What happens when an undisciplined child does not get what they want? Yep, they throw a temper-tantrum. How many adults are still throwing tempter-tantrums? Why? In this post, I will share the why, what, where, and how concerning self-control. Often, people think self-control is self-discipline to eat right and exercise, but it is more than that. I want to go deeper and focus on healing the reason why we lack self-control.
Why can’t I control my emotions?
I asked God why because He knows everything (see Psalm 139:1-3). Several days later as I was writing this post, I realized I was still reacting to disappointment the same way I did when I was a child. God led me to the following transformational truths. 1Corinthians 13:11 states, “When I was a child, I spoke like a child, I thought like a child, I reasoned like a child. When I became [an adult,] I gave up childish ways.” And, 1 Corinthians 14:20 states, “Brethren, do not be children in your thinking. Be infants in evil, but in your thinking be mature.” Most of our self-control issues stem from immaturity. Maturity is to be fully developed, perfected, and able to control our thoughts, emotions, and desires. To be mature, we must put away our childish thinking and childish ways. I will explain how to do this in my next post.
What is self-control?
Synonyms for self-control are temperance, sound mind, and discipline. The Greek meaning for self-control is “power over yourself or strength to govern yourself.” Self-control is our source of power over our will and not will-power. When we have self-control, we have the power to control our thoughts, emotions, and desires.
What is the consequence of not having self-control?
Proverb 25:28 (ESV) “A man without self-control is like a city broken into and left without walls.” Modern King James states, “He who has no rule over his own spirit is like a broken-down city without a wall.” The William MacDonald commentary explains Proverbs 25:28 as “A man who has never learned to discipline his life is like an undefended city, open to every kind of attack, exposed to every temptation.” The Matthew Henry commentary says, someone with self-control rules their thoughts, their desires, their inclinations, their resentments, and keeps them all in good order. If they lack self-control, they are exposed to the temptations of Satan and will have many troubles. The key word is “rules.” To rule is to exercise authority over it. I explain how to do this in Bondage to Unseen Controls and ALL THOUGHTS ARE WITHIN OUR CONTROL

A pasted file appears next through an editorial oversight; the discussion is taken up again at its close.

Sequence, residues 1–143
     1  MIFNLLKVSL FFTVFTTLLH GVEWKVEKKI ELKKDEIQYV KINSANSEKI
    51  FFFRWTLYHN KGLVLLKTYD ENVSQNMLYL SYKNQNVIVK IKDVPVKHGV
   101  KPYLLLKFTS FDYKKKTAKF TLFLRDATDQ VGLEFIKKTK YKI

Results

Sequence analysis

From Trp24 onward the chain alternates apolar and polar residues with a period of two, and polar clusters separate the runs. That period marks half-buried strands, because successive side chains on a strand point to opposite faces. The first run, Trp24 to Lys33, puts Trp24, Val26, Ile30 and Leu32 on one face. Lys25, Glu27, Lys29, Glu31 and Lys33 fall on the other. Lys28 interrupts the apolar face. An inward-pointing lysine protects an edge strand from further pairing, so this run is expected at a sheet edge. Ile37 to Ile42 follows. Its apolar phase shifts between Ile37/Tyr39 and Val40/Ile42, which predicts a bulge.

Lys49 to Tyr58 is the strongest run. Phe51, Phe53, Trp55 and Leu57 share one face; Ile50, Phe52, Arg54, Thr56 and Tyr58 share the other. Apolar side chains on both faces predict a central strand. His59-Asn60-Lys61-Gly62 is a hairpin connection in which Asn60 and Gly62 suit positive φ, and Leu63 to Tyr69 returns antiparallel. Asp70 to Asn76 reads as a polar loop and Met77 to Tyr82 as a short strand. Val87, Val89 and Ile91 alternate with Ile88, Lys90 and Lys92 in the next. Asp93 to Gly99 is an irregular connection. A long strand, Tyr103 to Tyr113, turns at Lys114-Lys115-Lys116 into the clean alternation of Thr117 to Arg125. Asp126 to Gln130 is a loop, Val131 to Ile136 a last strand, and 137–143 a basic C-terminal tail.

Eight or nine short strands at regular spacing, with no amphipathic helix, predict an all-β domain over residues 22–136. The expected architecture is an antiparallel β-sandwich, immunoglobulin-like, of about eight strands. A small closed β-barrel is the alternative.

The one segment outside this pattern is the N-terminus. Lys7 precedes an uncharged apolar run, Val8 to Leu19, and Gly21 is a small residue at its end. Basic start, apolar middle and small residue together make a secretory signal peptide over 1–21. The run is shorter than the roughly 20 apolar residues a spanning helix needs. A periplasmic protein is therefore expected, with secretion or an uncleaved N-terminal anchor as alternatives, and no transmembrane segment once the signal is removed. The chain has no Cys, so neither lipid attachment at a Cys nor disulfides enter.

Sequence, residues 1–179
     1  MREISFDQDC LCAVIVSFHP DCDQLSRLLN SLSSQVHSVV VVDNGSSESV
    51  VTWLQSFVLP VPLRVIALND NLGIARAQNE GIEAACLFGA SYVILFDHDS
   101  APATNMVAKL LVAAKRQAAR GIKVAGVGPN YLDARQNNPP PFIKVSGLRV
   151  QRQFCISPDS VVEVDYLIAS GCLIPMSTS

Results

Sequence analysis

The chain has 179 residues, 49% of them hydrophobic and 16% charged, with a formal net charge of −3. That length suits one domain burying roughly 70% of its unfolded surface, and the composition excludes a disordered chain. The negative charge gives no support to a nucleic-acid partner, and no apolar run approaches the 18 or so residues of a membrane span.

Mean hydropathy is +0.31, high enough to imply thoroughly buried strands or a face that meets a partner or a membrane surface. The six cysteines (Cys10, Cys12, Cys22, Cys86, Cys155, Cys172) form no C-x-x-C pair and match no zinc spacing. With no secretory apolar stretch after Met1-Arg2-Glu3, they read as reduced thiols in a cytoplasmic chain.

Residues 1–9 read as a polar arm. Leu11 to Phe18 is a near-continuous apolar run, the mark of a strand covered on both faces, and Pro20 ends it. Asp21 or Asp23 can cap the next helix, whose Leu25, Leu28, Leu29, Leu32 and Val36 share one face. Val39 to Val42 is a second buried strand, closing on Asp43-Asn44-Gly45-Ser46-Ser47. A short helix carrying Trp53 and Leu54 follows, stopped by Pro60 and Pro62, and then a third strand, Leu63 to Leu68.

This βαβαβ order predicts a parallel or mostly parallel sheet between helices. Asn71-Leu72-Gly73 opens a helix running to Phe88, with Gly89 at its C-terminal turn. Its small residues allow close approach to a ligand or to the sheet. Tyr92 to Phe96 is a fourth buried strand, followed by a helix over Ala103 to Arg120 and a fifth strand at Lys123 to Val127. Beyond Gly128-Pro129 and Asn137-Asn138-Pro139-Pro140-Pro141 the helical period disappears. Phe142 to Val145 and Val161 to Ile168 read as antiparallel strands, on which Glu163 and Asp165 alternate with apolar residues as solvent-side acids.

James 1:14,15 state, “But each person is tempted when he is lured and enticed by his own desire. 15) Then desire when it has conceived gives birth to sin, and sin when it is fully grown brings forth death.” We must rule our desires and put-up boundaries to protect our vulnerable hearts against temptations and attacks. A boundary that keeps us from sinning could be a truth statement or a command such as “do not get drunk” (Ephesians 5:18). We know that those who give in to the temptation to get drunk make themselves vulnerable to many other temptations, troubles, or even death. With this boundary, we can choose not to drink alcohol or exercise self-control or temperance and not get drunk. In my Fruit of the Spirit Characteristics worksheets on my website, I define many truths that can be used as boundaries around your heart and mind. With the truth of God’s Word and His divine power, you can govern how you will properly conduct ourselves instead of giving in to your desires. For those who lose their tempers, you need to first give up to God your desire to control everyone or everything other than yourself.
Where does self-control come from?
Self-control is produced by the Spirit of God as explained in Galatians 5:23. A fruit grows from branches that are part of a main vine. For Christians to produce fruit, they need to abide in the true vine, Jesus Christ, for life and nourishment (John 15:5). John 15:1-2 states, “I am the true vine, and my Father is the vinedresser. 2 Every branch in me that does not bear fruit he takes away, and every branch that does bear fruit he prunes, that it may bear more fruit.” So, if you struggle with self-control, yield to the Father’s pruning in your life. Childish ways and thinking need to be pruned and removed from your mind. I explain how to do this in my short-book on my website.